New social club for Everton

Thursday, March 6 – 1879
Last night, a new social club, similar to one or two others in other districts of the town, was opened at 7, Everton-crescent, Everton-brow. The club is formed on a broad and comprehensive basis, and is strictly non-political and non-sectarian in its character.

The house in which it is located is eminently appropriate for the purpose. It is one of the old private residences which abound in the neighbourhood; and under the hands of Mr. Thomas Pritchard, general contractor, of Breck-road, the interior has undergone a thorough renovation and alteration for the purpose for which the premises are intended.

On the ground floor there are a spacious billiard room, coffee room, refreshment bar, and kitchens. The second floor contains another billiard room and reading room (which is supplied with the leading London and provincial newspapers and the better known magazines), a chess or recreation room, and lavatories. In the rear of the premises there is a large garden, which, in the summer time, may be utilised as a quoit ground or for skittles.

The club is called the “Crescent Club,” and already nearly 100 members have been enrolled, and the secretary has promises of about 50 more. Mr. Thomas Pritchard is the president, and Mr. Thomas Delahunt the honorary secretary, and each of those gentlemen have worked indefatigably to make the club a success. The annual subscription is fixed at such a figure as to meet the requirements of the tradesmen and middle-class residents of the district, and a certain number of the first subscribers will have the advantage of paying a less fee than those who may join the club after them.

The premises have just been completed for the accommodation of the members, and last night the career of the club was inaugurated by Mr. James Samuelson, who addressed the members present in the lower billiard room. He said that that was the ninth club in Liverpool at the opening of which he had had the pleasure of being present, and of these nine clubs seven were prospering tolerably well, and two had a very short lived existence. But their fall was easily explained – it was owing to extravagance and mismanagement. There were many other similar clubs in Liverpool, but, after all, they were not of sufficient number to compete with the 2,000 less harmless places of amusement which was provided in the town for what he might call the poorer classes.

He thought, however, that they might congratulate themselves on the progress made by those clubs in every part of the country, for they knew that the object of such institutions was to provide rational amusements for those who did not care to enter public houses. (Hear, hear) If they looked at the classes for whom those clubs were provided, they found that they comprised that portion of the community upon whom the future welfare of the country would depend. (Applause.) They were intended for the upper working classes and the middle classes of tradespeople, whose power and legislative influences were every day increasing in England (Applause.) Those who compared the amusements of continental countries with the amusements of England could easily see the difference between the working of social clubs.

In England the intelligent working classes and middle classes frequented libraries, museums, art galleries, social clubs, and reading rooms; and these were the means by which the character of a nation like the English people would remain prosperous and happy (Applause.) If, however, they came to the lower classes – those who had been called by an eminent statesman the “residuum” – they, unfortunately, found that they were the class who maintained the largest number of gin palaces, that were so discreditable to the large towns of the country, and especially to Liverpool. (Applause). But if they looked at the occupations of the same classes of society in Germany and France they would find that, while the lower classes of those countries were less disposed to enter places of amusement which debauched them the higher artisan class and the lower middle class did, not spend their time in such a creditable manner as the same classes of the community in England.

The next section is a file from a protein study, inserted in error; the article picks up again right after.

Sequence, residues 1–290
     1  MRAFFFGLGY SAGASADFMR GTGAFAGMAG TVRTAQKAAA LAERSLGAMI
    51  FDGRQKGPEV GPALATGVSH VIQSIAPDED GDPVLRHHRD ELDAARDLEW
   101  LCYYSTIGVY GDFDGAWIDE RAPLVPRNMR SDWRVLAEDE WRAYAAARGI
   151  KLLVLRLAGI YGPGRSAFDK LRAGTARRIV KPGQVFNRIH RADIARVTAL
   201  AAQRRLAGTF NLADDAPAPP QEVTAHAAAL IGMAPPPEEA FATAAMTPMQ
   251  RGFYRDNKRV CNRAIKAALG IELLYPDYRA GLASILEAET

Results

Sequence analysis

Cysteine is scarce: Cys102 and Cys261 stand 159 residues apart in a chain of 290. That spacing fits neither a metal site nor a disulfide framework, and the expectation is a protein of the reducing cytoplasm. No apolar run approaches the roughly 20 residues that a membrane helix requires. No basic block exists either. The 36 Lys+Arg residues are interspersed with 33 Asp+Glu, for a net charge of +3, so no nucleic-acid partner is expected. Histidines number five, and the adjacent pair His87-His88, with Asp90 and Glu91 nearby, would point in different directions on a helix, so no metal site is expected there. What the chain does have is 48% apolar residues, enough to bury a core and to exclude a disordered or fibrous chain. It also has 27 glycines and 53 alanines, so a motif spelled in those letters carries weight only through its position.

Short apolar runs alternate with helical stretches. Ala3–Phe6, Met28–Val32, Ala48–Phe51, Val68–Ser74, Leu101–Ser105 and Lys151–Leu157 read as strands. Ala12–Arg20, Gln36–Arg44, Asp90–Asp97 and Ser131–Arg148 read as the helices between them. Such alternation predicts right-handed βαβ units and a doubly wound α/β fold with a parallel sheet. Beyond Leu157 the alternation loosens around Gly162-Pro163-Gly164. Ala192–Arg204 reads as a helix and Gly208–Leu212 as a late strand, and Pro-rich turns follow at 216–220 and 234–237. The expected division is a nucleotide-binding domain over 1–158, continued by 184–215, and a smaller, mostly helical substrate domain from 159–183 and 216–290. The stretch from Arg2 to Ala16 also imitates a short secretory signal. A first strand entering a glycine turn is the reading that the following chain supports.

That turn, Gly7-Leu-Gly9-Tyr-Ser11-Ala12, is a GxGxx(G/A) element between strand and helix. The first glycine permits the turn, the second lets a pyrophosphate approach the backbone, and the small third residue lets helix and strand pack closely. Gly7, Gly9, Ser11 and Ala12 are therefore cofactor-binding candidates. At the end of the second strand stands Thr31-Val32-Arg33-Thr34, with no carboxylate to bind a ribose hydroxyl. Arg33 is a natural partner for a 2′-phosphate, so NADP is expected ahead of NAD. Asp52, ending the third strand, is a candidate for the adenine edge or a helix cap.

The great advantage, however, of the places of amusement in Germany and France was that they brought the various classes of society into communication with each other; and he thought that those who had watched what was going on in England during the last few years would say that there seems to be an instinctive drawing together of the different classes of society as necessary for the welfare of the nation. (Applause). As an example of those he instanced what was being done in London by ladies and gentlemen of position for the amusement and recreation of the people.

Mr. Samuelson, in conclusion, declared the club open, and expressed the hope that it would be a useful and prosperous institution in the neighbourhood.

Mr. Thomas Pritchard, the president, explained the objects of the club.

Mr. T. Delahunt, the honorary secretary, mentioned that they had enrolled about 60 members, and he had promises of about 50 or 60 more. (Applause.)

Mr. Joseph Shepherd supported the remarks of the chairman.

Mr. Pritchard the congratulated the club upon having secured the services of Mr. James Hardie formerly of the Richmond Hall Club, as manager.

A vote of thanks to Mr. Samuelson closed the proceedings.
(Liverpool Mercury, 07-03-1879)

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